A Road Trip to see the Sandhill Cranes
of White Water Draw in southeastern Arizona



White Water Draw is a wildlife refuge north of Douglas Arizona near the small community of McNeal. The 1500 acre refuge is administered by the Arizona Game and Fish Department and is primarily known as a winter refuge for thousands of migratory Sandhill Cranes. The cranes usually arrive in November and may stay until March. The birds may come from as far away as Canada.

(Click on any photo to enlarge)



This was my first trip to the area and I did not know what to expect. Since it was the very end of February, I didn't know if the cranes were still in Arizona. I had also read that sunrise was the best viewing time. That is when the birds take flight and move to their feeding grounds in the grain fields of the Sulphur Springs Valley. I arrived after noon. Would they be back at the refuge at that time of day?

There were only a few cars in the parking area and there were no directions on how to proceed, so I just got out of my truck and walked toward the ponds that could be seen to the west. There was not very much water in any of them. In the distance to the north, I could see many gray "bumps" covering the end of one of the ponds. The view through my camera lens revealed that the bumps were large gray birds. The Sandhill cranes were here!



A few minutes later, something spectacular happened! The birds, for whatever reason, began to take flight. It did not take long for the sky in the distance to be filled with birds. The flock circled the area above the roost for several minutes and then settled back to the ground. I do not know if something startled them or if this is something that they just do for the heck of it....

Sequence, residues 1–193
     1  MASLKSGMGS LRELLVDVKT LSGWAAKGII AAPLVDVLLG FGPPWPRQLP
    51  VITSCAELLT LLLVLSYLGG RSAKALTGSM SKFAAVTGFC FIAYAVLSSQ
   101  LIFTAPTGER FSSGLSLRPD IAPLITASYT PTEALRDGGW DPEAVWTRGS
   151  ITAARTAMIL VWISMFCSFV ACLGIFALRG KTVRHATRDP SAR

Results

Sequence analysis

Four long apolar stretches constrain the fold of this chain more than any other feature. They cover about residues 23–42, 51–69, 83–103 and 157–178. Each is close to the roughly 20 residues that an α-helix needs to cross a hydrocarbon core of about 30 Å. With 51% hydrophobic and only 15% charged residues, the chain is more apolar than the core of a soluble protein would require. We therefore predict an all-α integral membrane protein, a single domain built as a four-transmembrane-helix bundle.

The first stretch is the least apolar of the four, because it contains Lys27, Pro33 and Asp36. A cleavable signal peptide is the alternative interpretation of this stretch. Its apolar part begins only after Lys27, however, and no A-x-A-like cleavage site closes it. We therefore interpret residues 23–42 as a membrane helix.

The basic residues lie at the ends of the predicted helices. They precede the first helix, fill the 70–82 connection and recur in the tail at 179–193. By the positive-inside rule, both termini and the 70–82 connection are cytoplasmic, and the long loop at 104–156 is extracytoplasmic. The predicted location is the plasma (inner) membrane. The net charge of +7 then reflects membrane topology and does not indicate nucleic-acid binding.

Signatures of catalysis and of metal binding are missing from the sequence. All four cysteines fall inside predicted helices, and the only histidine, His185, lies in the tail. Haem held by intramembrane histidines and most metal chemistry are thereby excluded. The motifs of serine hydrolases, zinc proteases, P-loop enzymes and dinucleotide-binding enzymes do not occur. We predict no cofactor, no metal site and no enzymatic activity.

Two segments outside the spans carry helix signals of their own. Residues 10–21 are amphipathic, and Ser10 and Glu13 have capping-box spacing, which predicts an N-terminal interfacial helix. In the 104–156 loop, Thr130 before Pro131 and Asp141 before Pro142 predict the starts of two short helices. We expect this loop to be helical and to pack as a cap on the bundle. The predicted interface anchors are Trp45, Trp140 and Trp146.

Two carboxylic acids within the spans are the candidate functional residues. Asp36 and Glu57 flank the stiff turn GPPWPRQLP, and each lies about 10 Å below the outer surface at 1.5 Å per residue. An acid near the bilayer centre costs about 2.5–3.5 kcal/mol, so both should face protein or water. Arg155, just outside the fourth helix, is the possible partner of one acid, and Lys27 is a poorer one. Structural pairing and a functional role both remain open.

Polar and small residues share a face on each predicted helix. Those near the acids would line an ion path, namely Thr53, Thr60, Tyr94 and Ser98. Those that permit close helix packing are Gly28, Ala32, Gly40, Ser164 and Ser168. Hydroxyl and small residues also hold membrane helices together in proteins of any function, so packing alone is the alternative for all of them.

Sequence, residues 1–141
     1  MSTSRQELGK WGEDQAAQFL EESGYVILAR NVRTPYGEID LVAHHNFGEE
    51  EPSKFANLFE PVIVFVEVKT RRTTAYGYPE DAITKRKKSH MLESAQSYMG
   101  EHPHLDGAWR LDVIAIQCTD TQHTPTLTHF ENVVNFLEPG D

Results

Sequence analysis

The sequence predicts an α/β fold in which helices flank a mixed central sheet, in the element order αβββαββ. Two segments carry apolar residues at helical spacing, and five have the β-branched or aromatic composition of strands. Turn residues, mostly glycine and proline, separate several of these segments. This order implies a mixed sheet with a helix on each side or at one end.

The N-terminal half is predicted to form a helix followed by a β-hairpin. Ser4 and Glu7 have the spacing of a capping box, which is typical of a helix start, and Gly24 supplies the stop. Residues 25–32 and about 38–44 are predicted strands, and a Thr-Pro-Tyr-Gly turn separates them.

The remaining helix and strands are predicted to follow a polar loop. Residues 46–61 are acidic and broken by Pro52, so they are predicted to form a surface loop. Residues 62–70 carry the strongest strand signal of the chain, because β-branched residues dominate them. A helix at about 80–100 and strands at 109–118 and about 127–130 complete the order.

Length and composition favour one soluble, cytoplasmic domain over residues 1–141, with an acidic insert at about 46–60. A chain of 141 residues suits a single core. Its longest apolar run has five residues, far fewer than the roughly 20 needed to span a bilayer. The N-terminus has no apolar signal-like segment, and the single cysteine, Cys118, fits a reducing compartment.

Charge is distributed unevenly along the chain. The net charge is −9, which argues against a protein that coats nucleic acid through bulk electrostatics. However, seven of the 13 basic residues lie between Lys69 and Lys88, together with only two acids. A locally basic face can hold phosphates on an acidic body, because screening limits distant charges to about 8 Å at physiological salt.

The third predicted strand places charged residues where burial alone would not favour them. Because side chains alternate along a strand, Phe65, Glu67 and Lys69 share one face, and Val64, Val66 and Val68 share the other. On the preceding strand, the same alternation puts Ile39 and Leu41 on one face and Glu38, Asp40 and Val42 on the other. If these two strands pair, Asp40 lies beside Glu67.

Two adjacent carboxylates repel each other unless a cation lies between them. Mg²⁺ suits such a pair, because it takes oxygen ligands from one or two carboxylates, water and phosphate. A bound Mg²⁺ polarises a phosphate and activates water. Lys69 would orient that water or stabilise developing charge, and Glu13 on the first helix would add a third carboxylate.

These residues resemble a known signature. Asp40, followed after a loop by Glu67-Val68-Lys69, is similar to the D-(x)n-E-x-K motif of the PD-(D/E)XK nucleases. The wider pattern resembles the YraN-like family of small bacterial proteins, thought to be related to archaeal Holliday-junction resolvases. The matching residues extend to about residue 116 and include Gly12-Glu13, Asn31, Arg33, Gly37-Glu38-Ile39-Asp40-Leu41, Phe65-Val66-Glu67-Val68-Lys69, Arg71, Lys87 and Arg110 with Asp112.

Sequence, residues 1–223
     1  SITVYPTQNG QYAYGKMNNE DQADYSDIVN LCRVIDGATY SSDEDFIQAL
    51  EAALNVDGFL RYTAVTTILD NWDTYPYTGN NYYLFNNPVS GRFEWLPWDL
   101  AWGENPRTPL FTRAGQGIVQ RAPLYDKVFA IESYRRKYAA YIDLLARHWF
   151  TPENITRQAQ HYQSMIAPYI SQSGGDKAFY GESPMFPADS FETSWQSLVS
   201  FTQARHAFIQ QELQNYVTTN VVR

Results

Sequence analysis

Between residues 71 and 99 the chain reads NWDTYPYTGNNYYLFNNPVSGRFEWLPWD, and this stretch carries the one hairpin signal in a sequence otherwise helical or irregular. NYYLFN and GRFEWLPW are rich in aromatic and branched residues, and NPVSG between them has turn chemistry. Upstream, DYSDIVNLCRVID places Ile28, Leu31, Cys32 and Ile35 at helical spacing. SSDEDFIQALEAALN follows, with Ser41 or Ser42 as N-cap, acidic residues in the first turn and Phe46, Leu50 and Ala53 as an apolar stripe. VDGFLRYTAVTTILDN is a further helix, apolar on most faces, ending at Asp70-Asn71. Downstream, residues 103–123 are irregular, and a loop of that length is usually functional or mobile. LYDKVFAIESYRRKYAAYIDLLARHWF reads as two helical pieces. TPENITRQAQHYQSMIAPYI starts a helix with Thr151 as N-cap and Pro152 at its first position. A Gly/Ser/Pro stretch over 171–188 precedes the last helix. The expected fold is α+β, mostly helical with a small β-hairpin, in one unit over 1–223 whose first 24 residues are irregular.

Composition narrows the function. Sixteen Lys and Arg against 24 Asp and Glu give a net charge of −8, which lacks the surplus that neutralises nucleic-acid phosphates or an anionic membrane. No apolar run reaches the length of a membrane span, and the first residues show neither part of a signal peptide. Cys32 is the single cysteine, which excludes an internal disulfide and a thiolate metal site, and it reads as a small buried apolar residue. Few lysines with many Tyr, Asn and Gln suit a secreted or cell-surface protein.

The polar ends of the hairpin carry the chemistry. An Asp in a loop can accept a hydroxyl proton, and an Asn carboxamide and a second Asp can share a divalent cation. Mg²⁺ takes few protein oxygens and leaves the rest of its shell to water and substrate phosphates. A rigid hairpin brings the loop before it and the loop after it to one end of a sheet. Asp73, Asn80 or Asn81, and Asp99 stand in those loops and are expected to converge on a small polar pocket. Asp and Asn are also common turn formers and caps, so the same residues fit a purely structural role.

Before all of the birds settled back to the ground, three broke loose and flew toward me passing by just a few yards away.




The three birds not only did a close flyby, but landed so that I could get a very good look! I knew before the trip that Sandhill Cranes were large gray birds with a red patch on their heads. I did not know that there are two subspecies. The two varieties can vary from 3' to 5' in height, have wingspans of 6' to 7' and weigh from 6 to 10 pounds.



The water level in the ponds was quite low. There were a few other water birds, but not many. From the extent of the mud, it looks like the ponds at times could be quite large in area.



There is a large ramada( a former hay barn), restrooms and a small campground at the site. There is no visitor/administrative center.



I am not a serious birder. I had come to locate the refuge and perhaps see the Sandhill Cranes. I had not come prepared with a pair of binoculars or a bird book. Without those tools available, I was soon ready to move on. I will come back again and try to be here at sunrise to see the early morning liftoff. I will also be better prepared to understand what other creatures are using the area.